When I was first introduced to Charlotte Mason, just over a year ago, it didn’t take much to draw me in. As I began to consider her philosophy, I found myself letting go of many of the ideas and methods that had previously defined me as an educator. Despite my degree and my previous training, my beliefs about education began changing, and in turn, began changing me. In many ways, it was (and still is) a spiritual experience. I guess one might say I’m a convert of sorts.
As often happens after a conversion experience, I had a hard time keeping quiet. Charlotte Mason soon became a household name to my family and friends. Not only was I devouring as much information as I could get my hands on, I was talking about it. A lot.
I recently heard someone refer to this idea with language that has stuck with me. Lisa Cadora, in an email to CLUSA educators, expressed her desire to create a space where people could share about “how we are ‘evangelizing’ by connecting with souls in our communities who are hungry for ‘sane’ education.”
As the wife of a pastor and church planter, it’s no surprise that Lisa’s use of the word “evangelize” found a hook on which to hang itself in my mind. It immediately made me think about the process of starting Water City Church and the reasons we decided to take that path.
First and foremost, we felt called. Our lives had been transformed by the message of the Gospel and we wanted to share it, to create a space for others to come together and grow, and ultimately be changed by an encounter with Christ. This calling had led us both to pursue training. We invested time and energy into studying God’s Word and living it out as best we were able. Were we experts with all of the answers? Absolutely not. But we were willing.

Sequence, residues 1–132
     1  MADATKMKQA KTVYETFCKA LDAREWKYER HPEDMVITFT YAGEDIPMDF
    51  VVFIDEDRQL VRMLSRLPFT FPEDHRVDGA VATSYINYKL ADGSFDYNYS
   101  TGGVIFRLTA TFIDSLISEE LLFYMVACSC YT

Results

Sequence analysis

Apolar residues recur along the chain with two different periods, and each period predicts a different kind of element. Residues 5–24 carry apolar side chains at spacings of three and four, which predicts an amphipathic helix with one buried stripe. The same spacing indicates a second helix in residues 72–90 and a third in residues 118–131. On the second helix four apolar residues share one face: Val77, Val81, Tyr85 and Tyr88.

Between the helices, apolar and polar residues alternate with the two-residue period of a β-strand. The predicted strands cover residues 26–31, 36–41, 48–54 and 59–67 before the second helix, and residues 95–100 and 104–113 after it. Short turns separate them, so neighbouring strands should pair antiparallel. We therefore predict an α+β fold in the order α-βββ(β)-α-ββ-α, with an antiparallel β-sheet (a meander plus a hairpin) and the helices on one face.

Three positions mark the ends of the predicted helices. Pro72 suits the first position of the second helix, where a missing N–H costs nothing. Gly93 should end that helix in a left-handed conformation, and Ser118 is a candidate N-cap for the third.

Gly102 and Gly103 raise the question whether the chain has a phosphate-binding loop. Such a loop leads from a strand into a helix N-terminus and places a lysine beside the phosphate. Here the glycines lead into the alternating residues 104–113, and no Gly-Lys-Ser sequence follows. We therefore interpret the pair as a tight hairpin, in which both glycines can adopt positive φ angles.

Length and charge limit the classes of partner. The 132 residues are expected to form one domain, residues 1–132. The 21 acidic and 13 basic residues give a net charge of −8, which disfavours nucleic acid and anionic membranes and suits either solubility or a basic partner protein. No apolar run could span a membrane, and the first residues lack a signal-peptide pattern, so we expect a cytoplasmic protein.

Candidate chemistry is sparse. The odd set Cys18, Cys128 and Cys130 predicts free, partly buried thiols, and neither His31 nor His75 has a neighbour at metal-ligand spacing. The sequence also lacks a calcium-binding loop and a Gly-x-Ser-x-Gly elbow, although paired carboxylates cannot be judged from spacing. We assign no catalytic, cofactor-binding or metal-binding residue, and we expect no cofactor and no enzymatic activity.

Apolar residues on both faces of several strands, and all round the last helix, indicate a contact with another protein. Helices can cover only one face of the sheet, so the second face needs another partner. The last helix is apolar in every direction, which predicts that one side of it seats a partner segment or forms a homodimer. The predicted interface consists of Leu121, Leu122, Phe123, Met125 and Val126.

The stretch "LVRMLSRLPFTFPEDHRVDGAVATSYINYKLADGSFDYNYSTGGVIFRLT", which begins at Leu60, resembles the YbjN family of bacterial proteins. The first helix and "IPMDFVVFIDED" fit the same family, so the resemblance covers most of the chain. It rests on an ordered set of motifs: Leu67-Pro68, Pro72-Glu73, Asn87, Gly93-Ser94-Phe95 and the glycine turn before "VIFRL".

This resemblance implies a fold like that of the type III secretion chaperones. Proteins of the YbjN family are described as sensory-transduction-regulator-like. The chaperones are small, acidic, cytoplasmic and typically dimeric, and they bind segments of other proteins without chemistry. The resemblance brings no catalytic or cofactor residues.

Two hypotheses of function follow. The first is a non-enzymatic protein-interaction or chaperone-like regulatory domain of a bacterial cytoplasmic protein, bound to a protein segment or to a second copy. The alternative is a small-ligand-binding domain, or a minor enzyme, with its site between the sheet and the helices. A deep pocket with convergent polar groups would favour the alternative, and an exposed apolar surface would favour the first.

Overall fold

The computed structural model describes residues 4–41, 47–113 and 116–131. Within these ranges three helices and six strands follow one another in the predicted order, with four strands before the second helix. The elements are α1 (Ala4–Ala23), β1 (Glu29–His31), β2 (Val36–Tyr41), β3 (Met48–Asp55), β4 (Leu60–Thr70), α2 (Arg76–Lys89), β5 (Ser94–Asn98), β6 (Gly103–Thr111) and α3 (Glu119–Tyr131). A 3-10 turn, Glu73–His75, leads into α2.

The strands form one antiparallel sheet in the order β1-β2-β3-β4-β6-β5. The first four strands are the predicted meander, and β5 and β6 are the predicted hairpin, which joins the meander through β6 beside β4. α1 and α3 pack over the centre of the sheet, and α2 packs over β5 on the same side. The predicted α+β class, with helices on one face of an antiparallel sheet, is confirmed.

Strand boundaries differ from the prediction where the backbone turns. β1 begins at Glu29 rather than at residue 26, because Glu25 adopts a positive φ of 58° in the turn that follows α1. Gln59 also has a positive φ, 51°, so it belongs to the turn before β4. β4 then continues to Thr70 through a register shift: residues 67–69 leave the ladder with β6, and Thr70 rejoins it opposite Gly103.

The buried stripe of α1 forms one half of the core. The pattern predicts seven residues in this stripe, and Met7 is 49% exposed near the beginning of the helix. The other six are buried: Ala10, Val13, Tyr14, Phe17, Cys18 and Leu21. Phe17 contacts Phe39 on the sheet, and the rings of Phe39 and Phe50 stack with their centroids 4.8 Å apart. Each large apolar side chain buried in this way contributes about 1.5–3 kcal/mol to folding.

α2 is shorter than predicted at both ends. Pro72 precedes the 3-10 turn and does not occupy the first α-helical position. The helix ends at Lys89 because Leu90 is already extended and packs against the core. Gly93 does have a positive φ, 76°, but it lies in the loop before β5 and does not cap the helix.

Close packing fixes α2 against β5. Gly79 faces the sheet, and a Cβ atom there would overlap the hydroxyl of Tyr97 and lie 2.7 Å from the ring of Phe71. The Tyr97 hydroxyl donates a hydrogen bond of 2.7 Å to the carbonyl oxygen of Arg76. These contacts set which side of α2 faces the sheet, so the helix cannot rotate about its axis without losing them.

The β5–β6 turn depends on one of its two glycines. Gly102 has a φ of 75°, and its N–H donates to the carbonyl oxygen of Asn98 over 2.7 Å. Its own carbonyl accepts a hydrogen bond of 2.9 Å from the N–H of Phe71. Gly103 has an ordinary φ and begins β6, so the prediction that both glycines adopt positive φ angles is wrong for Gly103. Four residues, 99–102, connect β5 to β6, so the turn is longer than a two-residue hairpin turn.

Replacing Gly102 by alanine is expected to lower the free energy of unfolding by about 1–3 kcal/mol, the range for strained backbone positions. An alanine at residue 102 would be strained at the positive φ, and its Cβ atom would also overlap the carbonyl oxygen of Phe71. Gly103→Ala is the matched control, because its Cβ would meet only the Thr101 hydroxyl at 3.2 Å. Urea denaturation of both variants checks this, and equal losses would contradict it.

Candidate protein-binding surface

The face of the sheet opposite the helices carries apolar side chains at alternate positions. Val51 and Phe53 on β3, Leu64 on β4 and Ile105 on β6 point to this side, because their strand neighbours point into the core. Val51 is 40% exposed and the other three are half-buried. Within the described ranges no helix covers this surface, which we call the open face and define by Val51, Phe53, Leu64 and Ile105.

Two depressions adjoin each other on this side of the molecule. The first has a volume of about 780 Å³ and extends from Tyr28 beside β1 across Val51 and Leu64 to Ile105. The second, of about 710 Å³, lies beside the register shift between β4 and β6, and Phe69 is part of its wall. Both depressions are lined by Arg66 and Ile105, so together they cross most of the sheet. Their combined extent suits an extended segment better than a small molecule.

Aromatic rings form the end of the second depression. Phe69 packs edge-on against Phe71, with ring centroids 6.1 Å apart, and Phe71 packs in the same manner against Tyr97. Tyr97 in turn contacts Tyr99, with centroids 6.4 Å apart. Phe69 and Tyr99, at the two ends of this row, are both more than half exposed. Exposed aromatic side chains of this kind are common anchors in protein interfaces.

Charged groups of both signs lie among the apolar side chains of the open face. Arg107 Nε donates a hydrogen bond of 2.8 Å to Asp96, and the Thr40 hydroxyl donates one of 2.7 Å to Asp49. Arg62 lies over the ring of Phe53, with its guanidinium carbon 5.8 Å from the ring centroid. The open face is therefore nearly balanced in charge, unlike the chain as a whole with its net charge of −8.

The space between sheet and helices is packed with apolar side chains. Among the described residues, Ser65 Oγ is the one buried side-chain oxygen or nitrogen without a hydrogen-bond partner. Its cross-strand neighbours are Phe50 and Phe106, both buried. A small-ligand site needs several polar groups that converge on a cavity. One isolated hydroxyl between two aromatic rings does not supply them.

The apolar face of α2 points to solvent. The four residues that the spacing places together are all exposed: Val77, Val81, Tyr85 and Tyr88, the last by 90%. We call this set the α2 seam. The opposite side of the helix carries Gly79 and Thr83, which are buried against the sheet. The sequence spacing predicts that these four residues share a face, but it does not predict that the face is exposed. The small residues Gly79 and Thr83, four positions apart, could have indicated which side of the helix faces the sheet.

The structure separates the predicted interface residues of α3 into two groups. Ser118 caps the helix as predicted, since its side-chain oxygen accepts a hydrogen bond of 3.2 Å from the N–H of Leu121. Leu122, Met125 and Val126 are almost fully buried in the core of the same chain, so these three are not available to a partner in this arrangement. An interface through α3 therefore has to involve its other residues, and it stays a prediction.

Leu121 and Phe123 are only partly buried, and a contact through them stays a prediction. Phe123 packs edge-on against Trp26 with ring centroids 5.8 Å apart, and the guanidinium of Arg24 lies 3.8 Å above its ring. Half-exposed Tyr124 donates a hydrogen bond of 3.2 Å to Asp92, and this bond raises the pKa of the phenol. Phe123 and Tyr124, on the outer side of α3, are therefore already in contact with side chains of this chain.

Second, we recognized that we were on a faith journey of our own. We had not “arrived” by any means. We were traveling a road, and we wanted to invite others to join us — to walk with us, to grow with us, to be changed with us. We acknowledged the call to lead, but also the companionship on the walk.
Third, we were inspired. There was a shared dream and a vision that spurred us on and helped move us forward. We envisioned what this church could grow to be and how the Lord might use it to reach others with the message of Jesus.
What began six years ago around our dining room table boasted no building, no money, and only a handful of people who agreed to come along for the ride. But we began. We started down an uncertain path, determined to see where it led and invite others to walk it with us. Since, the church has grown, changed and blossomed. We are thriving as a faith community, and are making an impact for Christ in our local community.
I can’t help but compare this to the journey I’ve been on with Charlotte Mason the past year. Please don’t misinterpret the comparisons I’m making here as my saying that I believe Charlotte Mason to be divine in any way. I’m simply acknowledging the similarities between two personal experiences — both having led me to a deeper understanding of God’s Truth, of which He is the only source.
My CM “conversion” experience changed me, and caused me to make changes that impacted my children and my family for the better. I also realized that my children and I wanted — we needed — to continue learning and growing with others who could support and challenge us. As I searched for a community of like-minded people, I realized the community I was envisioning didn’t (yet) exist. But I believed it could.